In 1948, the year of Israel’s independence, there were about 150,000 Jews in Iraq. Persecution of Jews greatly increased that year:

-In July 1948, the government passed a law making Zionism a capital offense, with a minimum sentence of seven years imprisonment. Any Jew could be convicted of Zionism based only on the sworn testimony of two Muslim witnesses, with virtually no avenue of appeal available.
-On August 28, 1948, Jews were forbidden to engage in banking or foreign currency transactions.
-In September 1948, Jews were dismissed from the railways, the post office, the telegraph department and the Finance Ministry on the ground that they were suspected of “sabotage and treason”.
-On October 8, 1948, the issuance of export and import licenses to Jewish merchants was forbidden.
-On October 19, 1948, the discharge of all Jewish officials and workers from all governmental departments was ordered.
-In October, the Egyptian paper El-Ahram estimated that as a result of arrests, trials and sequestration of property, the Iraqi treasury collected some 20 million dinars or the equivalent of 80 million U.S. dollars.
-On December 2, 1948, the Iraq government suggested to oil companies operating in Iraq that no Jewish employees be accepted.

Following the Israeli Declaration of Independence and Iraq’s subsequent participation in the 1948 Arab-Israeli War, Iraq was placed under martial law. Courts martial were used to intimidate wealthy Jews, Jews were again dismissed from civil service, quotas were placed on university positions, and Jewish businesses were boycotted. In sweeps throughout urban areas, the Iraqi authorities searched thousands of Jewish homes for secret caches of money they were presumed to be sending to Israel. Walls were frequently demolished in these searches. Hundreds of Jews were arrested on suspicion of Zionist activity, tortured into confessing, and subjected to heavy fines and lengthy prison sentences. In one case, a Jewish man was sentenced to five years’ hard labor for possessing a Biblical Hebrew inscription which was presumed to be a coded Zionist message.

The greatest shock to the Jewish community came with the arrest and execution of businessman Shafiq Ades, a Jewish automobile importer who was the single wealthiest Jew in the country. Ades, who had displayed no interest in Zionism, was arrested on charges of sending military equipment to Israel and convicted by a military tribunal. He was fined $20 million and sentenced to death. His entire estate was liquidated and he was publicly hanged in Basra in September 1948. The Jewish community’s general sentiment was that if an assimilated and non-Zionist Jew as powerful and well-connected as Ades could be eliminated, other Jews would not be protected any longer. Additionally, like most Arab League states, Iraq forbade any legal emigration of its Jews on the grounds that they might go to Israel and could strengthen that state. At the same time, increasing government oppression of the Jews fueled by anti-Israeli sentiment together with public expressions of antisemitism created an atmosphere of fear and uncertainty.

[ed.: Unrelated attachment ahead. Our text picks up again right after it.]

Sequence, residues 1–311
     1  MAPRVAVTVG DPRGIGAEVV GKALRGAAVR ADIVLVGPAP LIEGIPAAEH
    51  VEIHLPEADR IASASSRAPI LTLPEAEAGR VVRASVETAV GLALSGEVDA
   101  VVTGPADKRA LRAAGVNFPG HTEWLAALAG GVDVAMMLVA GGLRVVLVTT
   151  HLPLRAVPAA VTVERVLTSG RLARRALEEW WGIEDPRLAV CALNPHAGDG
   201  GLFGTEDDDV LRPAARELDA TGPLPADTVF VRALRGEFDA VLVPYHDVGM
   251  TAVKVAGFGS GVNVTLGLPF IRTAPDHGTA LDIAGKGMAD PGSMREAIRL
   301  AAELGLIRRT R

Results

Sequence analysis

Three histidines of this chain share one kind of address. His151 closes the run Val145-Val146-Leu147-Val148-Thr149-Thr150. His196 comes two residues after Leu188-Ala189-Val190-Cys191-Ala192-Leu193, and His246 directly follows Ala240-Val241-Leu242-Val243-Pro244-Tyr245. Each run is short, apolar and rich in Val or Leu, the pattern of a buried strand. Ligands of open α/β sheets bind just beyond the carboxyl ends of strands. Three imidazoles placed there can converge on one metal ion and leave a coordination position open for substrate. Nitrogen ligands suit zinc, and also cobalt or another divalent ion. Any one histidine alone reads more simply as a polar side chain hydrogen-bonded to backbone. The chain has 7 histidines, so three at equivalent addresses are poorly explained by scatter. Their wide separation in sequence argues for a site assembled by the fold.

The Iraqi Jewish community gradually became impoverished as a result of persecution. Jewish businesses were forced to close in the face of boycotts and arrests of Jewish businessmen. After Jews were prohibited from working in the civil service, skilled and formerly well-paid Jewish civil service employees were driven into poverty and forced to become street peddlers to avoid being arrested for vagrancy. Jewish home values dropped by 80%.

On 19 February 1949, Nuri al-Said acknowledged the bad treatment that the Jews had been victims of in Iraq during the recent months. He warned that unless Israel behaved itself, events might take place concerning the Iraqi Jews.


There is no basis for the claim that Mossad agents were behind the bombings on Baghdad Jewry, there is no evidence that these bombings caused Baghdad Jewry to immigrate to Israel and in fact, Iraqi Jewry has suffered for years from increasing persecution by the Iraqi government.

This article is written in memory of my grandfather, born in Baghdad, Sasson Levy, 1933–2021

In Ishmael’s House: A History of Jews in Muslim Lands by Martin Gilbert

The Jewish Exodus from Iraq, 1948–1951 by Moshe Gat



Adin Haykin

Israeli, IDF soldier and researcher of Israeli history and wars